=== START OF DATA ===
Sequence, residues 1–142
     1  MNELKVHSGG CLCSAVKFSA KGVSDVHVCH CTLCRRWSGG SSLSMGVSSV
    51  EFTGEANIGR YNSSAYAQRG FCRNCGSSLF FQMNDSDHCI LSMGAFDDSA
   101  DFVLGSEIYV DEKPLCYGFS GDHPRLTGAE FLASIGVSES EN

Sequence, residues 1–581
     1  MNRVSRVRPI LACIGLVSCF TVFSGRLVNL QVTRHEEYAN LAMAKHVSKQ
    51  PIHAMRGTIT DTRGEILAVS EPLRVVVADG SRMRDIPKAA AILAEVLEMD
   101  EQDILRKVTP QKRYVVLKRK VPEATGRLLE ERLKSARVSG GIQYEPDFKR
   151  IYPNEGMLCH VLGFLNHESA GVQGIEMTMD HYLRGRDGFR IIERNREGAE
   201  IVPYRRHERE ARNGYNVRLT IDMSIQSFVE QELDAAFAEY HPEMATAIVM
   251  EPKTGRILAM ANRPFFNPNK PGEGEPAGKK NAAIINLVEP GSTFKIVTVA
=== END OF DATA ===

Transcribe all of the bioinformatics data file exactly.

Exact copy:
Sequence, residues 1–142
     1  MNELKVHSGG CLCSAVKFSA KGVSDVHVCH CTLCRRWSGG SSLSMGVSSV
    51  EFTGEANIGR YNSSAYAQRG FCRNCGSSLF FQMNDSDHCI LSMGAFDDSA
   101  DFVLGSEIYV DEKPLCYGFS GDHPRLTGAE FLASIGVSES EN

Sequence, residues 1–581
     1  MNRVSRVRPI LACIGLVSCF TVFSGRLVNL QVTRHEEYAN LAMAKHVSKQ
    51  PIHAMRGTIT DTRGEILAVS EPLRVVVADG SRMRDIPKAA AILAEVLEMD
   101  EQDILRKVTP QKRYVVLKRK VPEATGRLLE ERLKSARVSG GIQYEPDFKR
   151  IYPNEGMLCH VLGFLNHESA GVQGIEMTMD HYLRGRDGFR IIERNREGAE
   201  IVPYRRHERE ARNGYNVRLT IDMSIQSFVE QELDAAFAEY HPEMATAIVM
   251  EPKTGRILAM ANRPFFNPNK PGEGEPAGKK NAAIINLVEP GSTFKIVTVA